In a tobacco curing system for tobacco barns, the combination with a substantially centrally located heat gen- 5 erator, including a vertical drum, of a plurality of heat spreaders extending radially from said drum, each of said spreaders comprising an elongated inverted trough having longitudinally-extending side edges, each of said troughs being open at the bottom and extending from a point closely adjacent said drum to a point adapted to be near a wall of said barn, means for detachably connecting the inner end of each spreader to said drum to receive heated gases therefrom and to permit ready detachment of each spreader from said drum, the outer end of each spreader being, closed by an irnperforate end Wall the lower edge of which extends h el-11w the level of the longitudinallyextending side edges of each spreader, whereby the heated gases flowing along each spreader escape from under the longitudinally-extending side edges thereof, and means extending from each spreader adapted to reach the floor of the barn for supporting the outer ends of said Spreaders from the barn floor.
References Cited in the file of this patent UNITED STATES PATENTS Jones July 1, 1958
US700167A 1957-12-02 1957-12-02 Apparatus for curing tobacco in barns Expired - Lifetime US3007689A (en)

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Cited By (2)

* Cited by examiner, † Cited by third party
Publication number Priority date Publication date Assignee Title
US3367643A (en) * 1965-11-23 1968-02-06 Walter C. Copeland Jr. Tobacco curing apparatus
US3669428A (en) * 1970-06-01 1972-06-13 Vann Ind Inc Tobacco heating and curing apparatus

Citations (8)

* Cited by examiner, † Cited by third party
Publication number Priority date Publication date Assignee Title
US2003241A (en) * 1934-04-13 1935-05-28 Brown Alexander Bed tray table
US2124074A (en) * 1936-10-07 1938-07-19 Rcubin E Mayo Heating device for tobacco barns
US2223696A (en) * 1938-12-05 1940-12-03 Reubin E Mayo Means for curing tobacco and the like
US2533092A (en) * 1950-01-26 1950-12-05 John E Chestnutt Tobacco curing apparatus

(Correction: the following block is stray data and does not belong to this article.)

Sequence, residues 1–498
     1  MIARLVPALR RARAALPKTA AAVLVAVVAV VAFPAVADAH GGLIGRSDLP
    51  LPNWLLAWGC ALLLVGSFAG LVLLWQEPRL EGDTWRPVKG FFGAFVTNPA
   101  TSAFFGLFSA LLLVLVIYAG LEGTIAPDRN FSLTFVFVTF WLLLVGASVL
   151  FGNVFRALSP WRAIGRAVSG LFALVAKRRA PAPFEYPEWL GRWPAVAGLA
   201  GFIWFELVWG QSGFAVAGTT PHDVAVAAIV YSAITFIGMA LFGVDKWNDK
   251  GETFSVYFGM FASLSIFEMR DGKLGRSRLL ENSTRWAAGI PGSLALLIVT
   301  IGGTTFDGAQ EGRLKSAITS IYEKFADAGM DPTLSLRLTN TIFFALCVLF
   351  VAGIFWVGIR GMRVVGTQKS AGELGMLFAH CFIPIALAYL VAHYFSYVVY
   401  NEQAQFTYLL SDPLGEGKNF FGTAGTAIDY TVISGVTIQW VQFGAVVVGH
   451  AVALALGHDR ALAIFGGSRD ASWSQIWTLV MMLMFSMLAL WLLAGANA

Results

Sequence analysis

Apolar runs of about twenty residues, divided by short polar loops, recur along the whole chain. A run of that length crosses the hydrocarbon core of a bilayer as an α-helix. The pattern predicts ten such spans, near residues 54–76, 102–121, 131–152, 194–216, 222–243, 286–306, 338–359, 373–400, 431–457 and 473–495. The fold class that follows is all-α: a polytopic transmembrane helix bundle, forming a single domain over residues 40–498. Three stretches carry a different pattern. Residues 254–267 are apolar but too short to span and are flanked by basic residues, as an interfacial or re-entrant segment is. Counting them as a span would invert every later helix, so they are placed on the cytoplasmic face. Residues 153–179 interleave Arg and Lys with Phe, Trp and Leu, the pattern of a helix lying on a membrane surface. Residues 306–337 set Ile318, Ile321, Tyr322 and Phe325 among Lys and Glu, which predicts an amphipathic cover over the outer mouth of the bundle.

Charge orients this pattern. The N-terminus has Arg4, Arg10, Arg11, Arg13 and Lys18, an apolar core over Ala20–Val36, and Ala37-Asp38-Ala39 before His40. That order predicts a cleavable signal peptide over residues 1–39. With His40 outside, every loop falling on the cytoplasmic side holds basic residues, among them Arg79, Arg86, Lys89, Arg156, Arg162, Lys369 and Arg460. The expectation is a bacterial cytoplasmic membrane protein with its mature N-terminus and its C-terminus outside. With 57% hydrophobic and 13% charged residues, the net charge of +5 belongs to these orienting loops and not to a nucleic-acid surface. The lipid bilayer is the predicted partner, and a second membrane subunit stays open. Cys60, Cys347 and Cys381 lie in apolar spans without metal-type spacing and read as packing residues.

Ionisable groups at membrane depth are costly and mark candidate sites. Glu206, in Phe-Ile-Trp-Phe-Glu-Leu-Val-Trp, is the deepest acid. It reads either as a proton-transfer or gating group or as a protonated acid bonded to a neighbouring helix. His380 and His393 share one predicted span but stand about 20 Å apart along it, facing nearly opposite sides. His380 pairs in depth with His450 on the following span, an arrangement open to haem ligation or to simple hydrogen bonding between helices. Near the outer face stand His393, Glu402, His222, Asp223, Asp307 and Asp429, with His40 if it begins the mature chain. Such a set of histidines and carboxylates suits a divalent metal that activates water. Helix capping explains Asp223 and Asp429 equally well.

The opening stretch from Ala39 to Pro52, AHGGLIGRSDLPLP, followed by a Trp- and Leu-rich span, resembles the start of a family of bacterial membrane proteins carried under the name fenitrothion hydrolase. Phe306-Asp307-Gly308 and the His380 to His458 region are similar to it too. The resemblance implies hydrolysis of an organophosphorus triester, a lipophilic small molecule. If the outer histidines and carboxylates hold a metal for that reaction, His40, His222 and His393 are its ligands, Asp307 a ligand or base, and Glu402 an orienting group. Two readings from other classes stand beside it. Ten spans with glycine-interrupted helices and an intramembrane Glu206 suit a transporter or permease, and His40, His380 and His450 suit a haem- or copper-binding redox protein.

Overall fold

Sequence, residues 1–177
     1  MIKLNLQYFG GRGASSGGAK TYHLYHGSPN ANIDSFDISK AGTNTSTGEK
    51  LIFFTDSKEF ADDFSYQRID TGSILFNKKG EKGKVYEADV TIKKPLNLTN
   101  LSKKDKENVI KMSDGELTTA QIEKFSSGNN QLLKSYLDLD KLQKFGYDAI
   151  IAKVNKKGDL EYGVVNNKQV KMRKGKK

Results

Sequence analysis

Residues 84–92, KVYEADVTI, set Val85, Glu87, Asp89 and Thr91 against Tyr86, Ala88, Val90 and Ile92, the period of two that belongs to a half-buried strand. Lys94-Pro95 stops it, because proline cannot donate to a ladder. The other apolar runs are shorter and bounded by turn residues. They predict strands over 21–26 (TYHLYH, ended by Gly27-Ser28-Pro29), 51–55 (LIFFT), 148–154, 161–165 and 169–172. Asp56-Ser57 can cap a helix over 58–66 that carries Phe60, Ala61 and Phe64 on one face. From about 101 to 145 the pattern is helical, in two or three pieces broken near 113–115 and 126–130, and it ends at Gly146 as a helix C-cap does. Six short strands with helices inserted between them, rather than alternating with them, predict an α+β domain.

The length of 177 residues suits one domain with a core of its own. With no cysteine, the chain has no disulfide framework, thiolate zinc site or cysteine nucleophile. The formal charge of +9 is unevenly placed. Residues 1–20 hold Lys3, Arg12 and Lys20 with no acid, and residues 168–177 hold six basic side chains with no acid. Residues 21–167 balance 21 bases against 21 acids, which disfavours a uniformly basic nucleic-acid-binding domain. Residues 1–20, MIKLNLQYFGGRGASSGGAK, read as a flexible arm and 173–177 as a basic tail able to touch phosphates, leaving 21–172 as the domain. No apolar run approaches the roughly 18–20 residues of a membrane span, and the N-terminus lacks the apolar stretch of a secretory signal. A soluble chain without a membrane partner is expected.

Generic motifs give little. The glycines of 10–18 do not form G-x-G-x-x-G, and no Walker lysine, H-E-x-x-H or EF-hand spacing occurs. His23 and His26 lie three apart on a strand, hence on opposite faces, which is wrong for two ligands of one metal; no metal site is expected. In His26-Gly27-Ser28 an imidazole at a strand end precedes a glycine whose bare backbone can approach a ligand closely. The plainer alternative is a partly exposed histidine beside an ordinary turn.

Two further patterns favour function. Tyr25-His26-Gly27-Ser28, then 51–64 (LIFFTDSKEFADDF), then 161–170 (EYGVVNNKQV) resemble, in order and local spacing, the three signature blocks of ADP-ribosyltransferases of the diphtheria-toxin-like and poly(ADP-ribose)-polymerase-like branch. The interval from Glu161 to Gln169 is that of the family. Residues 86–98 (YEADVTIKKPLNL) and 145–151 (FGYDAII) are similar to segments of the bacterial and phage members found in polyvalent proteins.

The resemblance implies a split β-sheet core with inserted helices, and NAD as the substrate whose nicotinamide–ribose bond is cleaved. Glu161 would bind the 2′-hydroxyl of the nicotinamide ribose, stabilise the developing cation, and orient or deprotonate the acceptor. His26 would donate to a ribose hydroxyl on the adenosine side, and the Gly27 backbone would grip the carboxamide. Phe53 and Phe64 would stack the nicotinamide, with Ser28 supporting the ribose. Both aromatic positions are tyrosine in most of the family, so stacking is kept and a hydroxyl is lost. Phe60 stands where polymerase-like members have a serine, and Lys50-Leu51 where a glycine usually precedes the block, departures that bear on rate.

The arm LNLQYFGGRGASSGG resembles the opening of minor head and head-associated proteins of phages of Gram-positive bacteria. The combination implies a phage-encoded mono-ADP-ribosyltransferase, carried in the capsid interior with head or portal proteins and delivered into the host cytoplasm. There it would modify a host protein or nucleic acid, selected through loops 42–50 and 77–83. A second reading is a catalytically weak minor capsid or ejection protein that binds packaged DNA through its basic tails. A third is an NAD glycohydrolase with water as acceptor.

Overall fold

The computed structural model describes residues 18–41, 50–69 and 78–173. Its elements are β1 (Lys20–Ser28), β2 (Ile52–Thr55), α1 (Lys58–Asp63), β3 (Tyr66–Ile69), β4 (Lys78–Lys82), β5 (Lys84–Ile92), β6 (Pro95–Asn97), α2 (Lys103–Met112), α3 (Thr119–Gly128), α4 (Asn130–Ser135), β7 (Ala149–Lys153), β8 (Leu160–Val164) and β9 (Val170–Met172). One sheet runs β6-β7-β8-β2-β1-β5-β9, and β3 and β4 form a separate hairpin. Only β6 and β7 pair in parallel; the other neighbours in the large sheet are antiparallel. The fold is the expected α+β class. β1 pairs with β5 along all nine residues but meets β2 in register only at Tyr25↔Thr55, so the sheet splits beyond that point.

US2538888A (en) * 1948-04-15 1951-01-23 Christopher Unitemp Heating Sy Drier for lumber and the like
US2551215A (en) * 1949-08-01 1951-05-01 Coit B Lytton Heating and ventilating apparatus for tobacco barns
US2752144A (en) * 1951-06-04 1956-06-26 American Mach & Foundry Heat distributing apparatus
US2841381A (en) * 1953-05-14 1958-07-01 Basil E Jones Tobacco curer

Patent Citations (8)

* Cited by examiner, † Cited by third party
Publication number Priority date Publication date Assignee Title
US2003241A (en) * 1934-04-13 1935-05-28 Brown Alexander Bed tray table
US2124074A (en) * 1936-10-07 1938-07-19 Rcubin E Mayo Heating device for tobacco barns
US2223696A (en) * 1938-12-05 1940-12-03 Reubin E Mayo Means for curing tobacco and the like
US2538888A (en) * 1948-04-15 1951-01-23 Christopher Unitemp Heating Sy Drier for lumber and the like
US2551215A (en) * 1949-08-01 1951-05-01 Coit B Lytton Heating and ventilating apparatus for tobacco barns
US2533092A (en) * 1950-01-26 1950-12-05 John E Chestnutt Tobacco curing apparatus
US2752144A (en) * 1951-06-04 1956-06-26 American Mach & Foundry Heat distributing apparatus
US2841381A (en) * 1953-05-14 1958-07-01 Basil E Jones Tobacco curer

Cited By (2)

* Cited by examiner, † Cited by third party
Publication number Priority date Publication date Assignee Title
US3367643A (en) * 1965-11-23 1968-02-06 Walter C. Copeland Jr. Tobacco curing apparatus
US3669428A (en) * 1970-06-01 1972-06-13 Vann Ind Inc Tobacco heating and curing apparatus